DeCew Young House c.1830
Cultural Heritage Value
The fact that the building was built by John DeCew gives it significance. It is located near two local heritage sites that were once part of the small community of DeCew Town. About a quarter mile to the east are the remains of the DeCew House (formerly John DeCew’s imposing stone house), and a half mile to the west is the restored Morningstar Mill at the picturesque DeCew Falls.
The DeCew House was the destination made famous by Laura Secord during the War of 1812 when she trekked from Queenston to warn Ltnt. James FitzGibbon, the officer-in-charge of the military outpost there, of an impending attack by Americans.
The house is a one and one-half storey, three-bay Ontario Cottage of timber construction with a rubble stone basement. DeCew Road follows the line of the former Mohawk Trail, an important east-west route used by native peoples above the Niagara Escarpment. Within the east wing of the three-bay cottage there is evidence of a smaller building, circa 1815. Built by John DeCew, who purchased the land in 1812, this small timber-framed house may have been used to accommodate workers or a general store or blacksmith shop for the community of DeCew Town.
Philip Young and his wife Mary owned the property for more than 20 years and it was probably they who enlarged the house to its present three-bay, one and one-half storey configuration with a one storey kitchen wing to the rear. The exterior is clad in the original mid-nineteenth century clapboard (also known as weatherboarding) with decorative beaded corners and deep fascia boards below the eaves. The rubble stone basement contains evidence of an earlier c.1815 structure, with full and hand-hewn half timbers. On the second floor there are a number of early nineteenth century details present, such as an opening for a ladder for access from the first floor, an interior wooden door with a Georgian Cross and Bible panel, folk faux oak graining on doors and mouldings and a very early c.1800 Suffolk latch.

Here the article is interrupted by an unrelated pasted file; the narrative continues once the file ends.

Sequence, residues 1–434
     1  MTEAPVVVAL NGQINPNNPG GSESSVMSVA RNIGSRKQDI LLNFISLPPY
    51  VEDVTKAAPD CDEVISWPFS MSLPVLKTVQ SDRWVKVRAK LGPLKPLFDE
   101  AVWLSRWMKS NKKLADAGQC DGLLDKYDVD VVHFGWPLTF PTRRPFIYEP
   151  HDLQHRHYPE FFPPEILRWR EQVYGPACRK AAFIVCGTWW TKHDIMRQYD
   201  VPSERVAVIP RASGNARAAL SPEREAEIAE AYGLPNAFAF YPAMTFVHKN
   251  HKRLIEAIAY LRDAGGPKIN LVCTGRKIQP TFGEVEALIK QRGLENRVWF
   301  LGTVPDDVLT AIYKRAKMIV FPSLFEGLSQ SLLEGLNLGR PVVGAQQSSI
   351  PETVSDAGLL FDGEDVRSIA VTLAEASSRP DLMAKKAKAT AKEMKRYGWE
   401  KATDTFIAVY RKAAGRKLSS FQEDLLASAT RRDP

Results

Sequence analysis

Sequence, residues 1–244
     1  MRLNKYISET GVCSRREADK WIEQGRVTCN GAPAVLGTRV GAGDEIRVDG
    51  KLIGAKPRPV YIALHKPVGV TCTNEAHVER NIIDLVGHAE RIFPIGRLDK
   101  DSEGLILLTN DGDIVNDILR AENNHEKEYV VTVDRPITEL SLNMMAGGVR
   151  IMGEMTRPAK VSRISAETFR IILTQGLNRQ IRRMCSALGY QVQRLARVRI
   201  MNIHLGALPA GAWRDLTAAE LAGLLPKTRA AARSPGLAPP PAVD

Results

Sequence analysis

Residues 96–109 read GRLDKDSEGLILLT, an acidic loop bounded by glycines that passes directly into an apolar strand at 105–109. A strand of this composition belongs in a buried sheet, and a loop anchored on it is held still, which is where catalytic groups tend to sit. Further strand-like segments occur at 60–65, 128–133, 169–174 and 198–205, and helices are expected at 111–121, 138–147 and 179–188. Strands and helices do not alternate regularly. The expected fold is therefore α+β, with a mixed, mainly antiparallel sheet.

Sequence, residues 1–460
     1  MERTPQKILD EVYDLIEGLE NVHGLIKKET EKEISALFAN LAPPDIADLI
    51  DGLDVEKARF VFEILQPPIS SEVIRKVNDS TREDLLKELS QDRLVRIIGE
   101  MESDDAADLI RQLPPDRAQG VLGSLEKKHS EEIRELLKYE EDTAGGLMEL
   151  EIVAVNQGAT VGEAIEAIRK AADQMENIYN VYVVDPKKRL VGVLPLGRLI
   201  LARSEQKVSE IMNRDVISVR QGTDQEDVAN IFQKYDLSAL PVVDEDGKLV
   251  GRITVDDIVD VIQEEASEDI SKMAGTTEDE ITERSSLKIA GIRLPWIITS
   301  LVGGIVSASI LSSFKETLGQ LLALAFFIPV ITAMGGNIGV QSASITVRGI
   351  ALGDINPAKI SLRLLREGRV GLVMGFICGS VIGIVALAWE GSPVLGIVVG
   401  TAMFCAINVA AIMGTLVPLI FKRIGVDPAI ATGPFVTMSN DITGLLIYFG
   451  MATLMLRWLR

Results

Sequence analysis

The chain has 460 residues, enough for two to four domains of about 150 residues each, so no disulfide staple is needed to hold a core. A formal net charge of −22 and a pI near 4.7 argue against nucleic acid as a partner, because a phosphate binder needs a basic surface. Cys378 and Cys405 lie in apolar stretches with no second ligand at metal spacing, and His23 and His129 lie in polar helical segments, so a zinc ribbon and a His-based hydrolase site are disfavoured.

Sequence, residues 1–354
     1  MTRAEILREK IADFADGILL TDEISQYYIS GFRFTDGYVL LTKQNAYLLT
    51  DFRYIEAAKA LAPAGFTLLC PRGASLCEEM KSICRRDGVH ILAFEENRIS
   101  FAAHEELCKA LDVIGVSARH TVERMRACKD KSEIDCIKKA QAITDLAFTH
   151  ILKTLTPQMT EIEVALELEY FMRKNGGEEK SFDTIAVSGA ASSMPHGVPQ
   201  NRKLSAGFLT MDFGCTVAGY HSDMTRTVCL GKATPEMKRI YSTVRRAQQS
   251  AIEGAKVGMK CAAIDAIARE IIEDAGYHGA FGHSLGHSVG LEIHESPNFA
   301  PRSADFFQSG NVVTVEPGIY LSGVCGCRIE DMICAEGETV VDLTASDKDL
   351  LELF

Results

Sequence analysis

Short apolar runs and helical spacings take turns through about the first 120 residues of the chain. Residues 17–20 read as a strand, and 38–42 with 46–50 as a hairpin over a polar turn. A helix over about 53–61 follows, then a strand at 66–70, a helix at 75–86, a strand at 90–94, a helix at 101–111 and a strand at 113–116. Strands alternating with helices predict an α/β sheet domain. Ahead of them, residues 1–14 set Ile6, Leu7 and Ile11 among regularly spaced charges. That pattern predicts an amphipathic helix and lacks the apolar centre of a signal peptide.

John DeCew was born in 1766 and arrived in the Niagara Peninsula about 1787. His ancestors were displaced Huguenots who had been forced to flee their homeland to escape persecution. The DeCews went to England and eventually emigrated to America. DeCew’s father fought for the crown in the American Revolutionary War and the family later removed to Upper Canada.
John did some surveying work and explored the area for a milling site. He acquired land on the Beaverdams branch of Twelve Mile Creek on the brow of the Escarpment in Thorold Township and in 1792 built one of the first sawmills in the Nassau District of Upper Canada. He also built a log cabin and shortly after he added a linseed oil mill.
In 1798 John married Catherine Docksteder in Niagara and they had 11 children. John served as assessor, collector and warden for Thorold Township. He was also a founding member in 1800 of the Niagara Library, the province’s first circulating library, and a director of the Niagara Agricultural Society in 1804. DeCew’s successful milling business enabled him to begin construction of a new stone house just north of his mills on the other side of the Mohawk Trail.
War was declared and DeCew assumed command of a company of the 2nd Lincoln Militia. During the conflict his stone house was occupied by James FitzGibbon and men of the 49th Regiment. It was to be this house that Laura Secord made her famous walk.
With the return of peace DeCew set about expanding his milling operations. His other enterprises included a school, church, blacksmith shop, workers’ houses, etc. and the settlement became a recognized hamlet called DeCew Town. It was during this time that the original smaller, wood-framed cottage with the rubble stone basement found in the east wing of the three-bay house at 2440 DeCew Road was constructed.